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About akilspots

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    los angeles, california, united states, turtle island, earth

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  1. I switched to doing all of my throwing at home in my apartment when the lock down started first in brooklyn and now in los angeles. I use a 3 bucket system (plus a bowl that i keep my water/slip in when throwing). 1) I have a 5 gal bucket that i dump my throwing water/slip into when it starts becoming more slip/clay than water. 2) Every few days when this settles I pour it off into a smaller 2 gal bucket. 3) When that settles I pour the water either back into the throwing bowl or into a 1 gal container and the rest back into the big bucket. I do have a studio i that i take my wor
  2. I had a little electric --> gas conversion like this...pretty much the same size tho i didn't flip mine on its side. got some really nice results out of it..these are the last ones before i moved across the country and gave it away to a friend.
  3. less than 200 for an ie seems like really good deal! one of those nickle and a handshake deals. the studio that i worked out of before covid had mostly brent ie wheels and some shimpos. they work great and held up to the rigors of a community studio with classes and members.
  4. i'm taking this workshop online in jan https://www.studioalluvium.com/upcoming/online-clay-processing-workshop-january-session maybe they will run another session but something like this would probably be helpful for you.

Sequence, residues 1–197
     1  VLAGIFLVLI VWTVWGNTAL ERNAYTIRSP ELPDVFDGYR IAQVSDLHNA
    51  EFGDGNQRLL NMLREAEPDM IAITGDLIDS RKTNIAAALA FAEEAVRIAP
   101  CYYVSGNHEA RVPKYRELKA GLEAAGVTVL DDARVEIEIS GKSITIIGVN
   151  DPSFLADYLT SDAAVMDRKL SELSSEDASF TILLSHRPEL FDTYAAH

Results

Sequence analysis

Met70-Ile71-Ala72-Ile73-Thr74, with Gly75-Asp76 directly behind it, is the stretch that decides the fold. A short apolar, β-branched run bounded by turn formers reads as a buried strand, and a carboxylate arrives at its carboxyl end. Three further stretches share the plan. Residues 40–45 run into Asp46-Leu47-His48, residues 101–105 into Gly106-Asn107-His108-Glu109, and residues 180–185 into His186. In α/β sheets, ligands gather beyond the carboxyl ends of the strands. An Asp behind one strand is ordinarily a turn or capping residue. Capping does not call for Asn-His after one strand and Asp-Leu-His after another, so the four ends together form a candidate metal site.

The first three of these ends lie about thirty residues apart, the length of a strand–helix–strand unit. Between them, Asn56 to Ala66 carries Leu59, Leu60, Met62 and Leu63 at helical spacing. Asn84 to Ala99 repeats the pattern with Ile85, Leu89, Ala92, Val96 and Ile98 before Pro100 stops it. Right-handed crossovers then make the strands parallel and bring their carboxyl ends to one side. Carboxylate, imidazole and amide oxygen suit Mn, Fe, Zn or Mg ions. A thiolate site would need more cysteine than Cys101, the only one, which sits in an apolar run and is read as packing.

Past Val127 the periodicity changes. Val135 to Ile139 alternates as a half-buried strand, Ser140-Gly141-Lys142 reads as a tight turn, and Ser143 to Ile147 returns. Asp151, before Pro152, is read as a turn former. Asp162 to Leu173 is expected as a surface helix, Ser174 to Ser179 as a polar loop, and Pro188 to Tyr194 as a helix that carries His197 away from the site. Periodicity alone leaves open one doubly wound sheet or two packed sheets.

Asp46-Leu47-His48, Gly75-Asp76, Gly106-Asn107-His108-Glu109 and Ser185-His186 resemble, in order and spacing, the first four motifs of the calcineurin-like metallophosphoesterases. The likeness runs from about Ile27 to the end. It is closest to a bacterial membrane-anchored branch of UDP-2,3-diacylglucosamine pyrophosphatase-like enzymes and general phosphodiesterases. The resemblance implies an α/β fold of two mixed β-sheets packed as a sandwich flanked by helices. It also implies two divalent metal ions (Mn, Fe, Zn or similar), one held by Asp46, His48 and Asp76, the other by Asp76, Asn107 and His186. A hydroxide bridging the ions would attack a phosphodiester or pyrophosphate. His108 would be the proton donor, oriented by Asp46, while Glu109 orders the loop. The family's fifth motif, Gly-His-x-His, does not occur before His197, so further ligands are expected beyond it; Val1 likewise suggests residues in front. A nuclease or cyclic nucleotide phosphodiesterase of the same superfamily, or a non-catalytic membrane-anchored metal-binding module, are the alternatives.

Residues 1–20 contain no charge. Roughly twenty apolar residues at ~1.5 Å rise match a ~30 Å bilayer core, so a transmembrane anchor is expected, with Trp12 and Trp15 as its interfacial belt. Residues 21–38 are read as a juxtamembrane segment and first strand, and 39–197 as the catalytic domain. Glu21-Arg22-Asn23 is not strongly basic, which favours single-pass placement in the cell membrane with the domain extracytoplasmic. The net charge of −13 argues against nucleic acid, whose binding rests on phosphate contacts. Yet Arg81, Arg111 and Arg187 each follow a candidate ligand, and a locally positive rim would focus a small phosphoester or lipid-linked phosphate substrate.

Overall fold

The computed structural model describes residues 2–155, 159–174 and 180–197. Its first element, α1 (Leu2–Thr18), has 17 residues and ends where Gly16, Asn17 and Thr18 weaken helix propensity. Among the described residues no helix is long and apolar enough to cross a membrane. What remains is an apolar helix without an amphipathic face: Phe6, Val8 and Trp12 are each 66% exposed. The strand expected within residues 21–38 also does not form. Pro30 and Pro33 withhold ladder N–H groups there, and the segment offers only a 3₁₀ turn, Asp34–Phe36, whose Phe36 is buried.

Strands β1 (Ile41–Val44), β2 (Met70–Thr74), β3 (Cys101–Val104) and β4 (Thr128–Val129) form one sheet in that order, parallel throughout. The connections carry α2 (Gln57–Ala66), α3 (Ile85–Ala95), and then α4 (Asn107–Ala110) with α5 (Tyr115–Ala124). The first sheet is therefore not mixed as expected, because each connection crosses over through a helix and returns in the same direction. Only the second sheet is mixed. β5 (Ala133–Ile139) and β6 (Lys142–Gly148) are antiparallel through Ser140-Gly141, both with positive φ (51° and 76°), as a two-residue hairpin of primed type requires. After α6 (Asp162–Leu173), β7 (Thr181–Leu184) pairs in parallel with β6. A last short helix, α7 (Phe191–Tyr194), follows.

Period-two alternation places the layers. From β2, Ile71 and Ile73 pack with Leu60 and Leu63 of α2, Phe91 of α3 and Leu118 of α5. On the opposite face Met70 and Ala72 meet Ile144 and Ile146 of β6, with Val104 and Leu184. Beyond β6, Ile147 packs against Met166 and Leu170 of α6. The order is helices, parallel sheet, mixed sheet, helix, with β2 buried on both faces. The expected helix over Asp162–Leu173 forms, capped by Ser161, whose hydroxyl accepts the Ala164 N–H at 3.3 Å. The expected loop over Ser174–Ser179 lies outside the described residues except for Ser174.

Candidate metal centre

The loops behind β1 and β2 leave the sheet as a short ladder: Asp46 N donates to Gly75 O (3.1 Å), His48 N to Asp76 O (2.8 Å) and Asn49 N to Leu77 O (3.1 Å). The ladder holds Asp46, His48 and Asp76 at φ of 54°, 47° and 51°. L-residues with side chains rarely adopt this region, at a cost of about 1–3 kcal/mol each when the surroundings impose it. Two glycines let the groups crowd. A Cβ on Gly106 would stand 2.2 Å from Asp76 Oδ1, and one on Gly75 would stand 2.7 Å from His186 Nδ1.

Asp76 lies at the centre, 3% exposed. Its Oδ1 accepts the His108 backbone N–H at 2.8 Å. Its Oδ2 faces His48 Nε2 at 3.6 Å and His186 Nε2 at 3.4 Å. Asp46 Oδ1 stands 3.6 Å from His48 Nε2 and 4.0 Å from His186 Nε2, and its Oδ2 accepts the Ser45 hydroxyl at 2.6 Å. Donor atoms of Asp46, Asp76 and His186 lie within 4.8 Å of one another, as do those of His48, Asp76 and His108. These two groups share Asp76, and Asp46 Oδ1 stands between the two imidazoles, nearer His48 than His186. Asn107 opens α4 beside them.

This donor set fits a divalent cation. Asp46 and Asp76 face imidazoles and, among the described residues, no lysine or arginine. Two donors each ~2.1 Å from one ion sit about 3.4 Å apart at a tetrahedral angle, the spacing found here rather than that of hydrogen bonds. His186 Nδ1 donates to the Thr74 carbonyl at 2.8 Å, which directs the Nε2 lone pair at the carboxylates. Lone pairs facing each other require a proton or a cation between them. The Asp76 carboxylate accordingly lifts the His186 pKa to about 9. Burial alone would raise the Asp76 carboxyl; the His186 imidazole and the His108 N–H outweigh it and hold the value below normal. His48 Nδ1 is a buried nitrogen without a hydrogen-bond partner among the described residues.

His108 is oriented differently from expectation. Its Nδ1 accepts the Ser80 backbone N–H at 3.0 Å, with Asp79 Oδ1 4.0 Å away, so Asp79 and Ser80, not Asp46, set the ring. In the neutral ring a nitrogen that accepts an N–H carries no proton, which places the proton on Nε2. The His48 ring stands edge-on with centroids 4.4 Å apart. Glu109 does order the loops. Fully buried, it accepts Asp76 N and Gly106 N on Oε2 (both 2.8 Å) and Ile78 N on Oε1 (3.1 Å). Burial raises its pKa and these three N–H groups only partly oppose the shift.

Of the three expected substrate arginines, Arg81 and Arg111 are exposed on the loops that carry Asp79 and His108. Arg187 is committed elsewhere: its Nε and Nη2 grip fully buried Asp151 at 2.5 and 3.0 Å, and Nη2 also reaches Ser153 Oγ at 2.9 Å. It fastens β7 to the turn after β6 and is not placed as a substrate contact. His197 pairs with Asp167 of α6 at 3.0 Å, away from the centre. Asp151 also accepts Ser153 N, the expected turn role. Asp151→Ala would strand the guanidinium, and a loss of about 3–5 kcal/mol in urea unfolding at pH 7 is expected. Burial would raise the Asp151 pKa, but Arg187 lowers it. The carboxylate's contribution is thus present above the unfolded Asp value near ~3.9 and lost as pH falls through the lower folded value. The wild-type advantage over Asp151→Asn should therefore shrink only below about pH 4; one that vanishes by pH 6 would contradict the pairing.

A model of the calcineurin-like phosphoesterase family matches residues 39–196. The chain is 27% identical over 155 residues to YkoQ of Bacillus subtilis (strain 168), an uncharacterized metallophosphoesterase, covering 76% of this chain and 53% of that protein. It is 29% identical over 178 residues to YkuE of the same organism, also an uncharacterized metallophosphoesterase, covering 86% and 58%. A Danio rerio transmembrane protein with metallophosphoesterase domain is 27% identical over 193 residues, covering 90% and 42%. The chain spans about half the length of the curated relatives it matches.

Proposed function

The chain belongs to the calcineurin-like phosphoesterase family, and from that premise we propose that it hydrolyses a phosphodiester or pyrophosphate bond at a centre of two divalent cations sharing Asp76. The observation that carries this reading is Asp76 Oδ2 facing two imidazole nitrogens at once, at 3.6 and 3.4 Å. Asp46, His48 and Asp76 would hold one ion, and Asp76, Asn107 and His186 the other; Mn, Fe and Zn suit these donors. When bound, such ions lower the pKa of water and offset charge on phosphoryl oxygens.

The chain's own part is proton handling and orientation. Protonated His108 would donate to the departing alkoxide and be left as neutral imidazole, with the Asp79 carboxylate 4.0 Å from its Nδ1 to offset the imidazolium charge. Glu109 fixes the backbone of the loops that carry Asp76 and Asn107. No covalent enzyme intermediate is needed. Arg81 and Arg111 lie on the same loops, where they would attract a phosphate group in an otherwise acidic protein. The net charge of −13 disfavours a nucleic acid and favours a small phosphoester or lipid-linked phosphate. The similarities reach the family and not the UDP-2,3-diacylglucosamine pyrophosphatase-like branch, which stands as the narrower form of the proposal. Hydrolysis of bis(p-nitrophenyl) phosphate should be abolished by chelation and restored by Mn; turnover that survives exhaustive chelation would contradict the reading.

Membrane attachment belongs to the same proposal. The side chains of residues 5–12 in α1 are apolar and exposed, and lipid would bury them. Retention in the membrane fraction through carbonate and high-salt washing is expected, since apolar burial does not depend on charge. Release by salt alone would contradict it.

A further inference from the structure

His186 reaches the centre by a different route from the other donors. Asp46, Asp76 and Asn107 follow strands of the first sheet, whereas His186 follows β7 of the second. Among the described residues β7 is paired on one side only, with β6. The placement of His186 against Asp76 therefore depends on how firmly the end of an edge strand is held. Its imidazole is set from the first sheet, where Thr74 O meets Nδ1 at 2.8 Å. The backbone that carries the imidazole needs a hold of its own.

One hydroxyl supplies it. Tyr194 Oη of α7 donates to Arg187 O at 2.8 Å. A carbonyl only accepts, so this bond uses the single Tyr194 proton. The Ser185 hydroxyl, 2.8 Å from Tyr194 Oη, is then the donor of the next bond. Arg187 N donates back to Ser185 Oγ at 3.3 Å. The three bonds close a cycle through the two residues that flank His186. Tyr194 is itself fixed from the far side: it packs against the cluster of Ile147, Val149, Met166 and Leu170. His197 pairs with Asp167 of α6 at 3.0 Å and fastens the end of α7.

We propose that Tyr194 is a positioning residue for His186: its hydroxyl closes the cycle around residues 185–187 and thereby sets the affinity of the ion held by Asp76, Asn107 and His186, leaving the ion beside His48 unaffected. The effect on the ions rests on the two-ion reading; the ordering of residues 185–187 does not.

5. threw some stuff this afternoon during my practice session inspired by this thread.
  6. I keep my wheel outside on the balcony of my apartment. It's been totally fine so far. I do live in LA where it doesnt rain very much at all. i havent had any problems so far.
  7. I think it's good and fine to be contemplating on if your work is taking from another culture in a disrespectful manner and this can be the case regardless of your intent or what's in your heart. I don't think that society sucks because you want to be sensitive to the people, work, and traditions that inspired the work that you create. in fact i think society sucked when a people's culture or traditions were being taken at the pointy end of a stick. it's true that korean potters stolen from their homeland by invaders were not texting about it but i'm sure they were none too happy.
  8. glazing a piece by pouring is also a skill that takes practice. all glazing methods take practice to get good at and all have their own unique challenges. also i've watered down glaze before spraying many times seemingly no adverse effect. sometimes the glaze is too thick to use in the spray gun... for me spraying large pieces is easier and results in a more consistent application. there's more work with it setting up and cleaning up but i get much better control over the thickness of the glaze on something large with spraying.
  9. glaze might not have enough clay in it to make the epsom salts work.
  10. boil the glaze? i think you would be better off letting it settle for a day or so and trying to siphon off some of the water. problem is some of the glaze recipe ingredients might be water soluble. probably best to add some dry mix to the wet.
  11. orchard valley ceramic arts guild: https://www.youtube.com/user/smedgerton/videos 3hr+ peter volkus demo from 1974:https://www.youtube.com/watch?v=qST6dzmLgoY&list=PLh_WwCbYTBSuPn6GH4HtCf5ZftvmSqDw8 master potter shoji hamada: https://www.youtube.com/watch?v=XdfsDDg2s3s onggi making: https://www.youtube.com/watch?v=YzAD10u4DOY washington street studios: https://www.youtube.com/c/WashingtonStreetStudios/videos john britt has a ton of great glaze videos including a full on free class on glaze chemistry: https://www.youtube.com/channel/UCkzm7dzTmNY64cMjuFtAjGA mo
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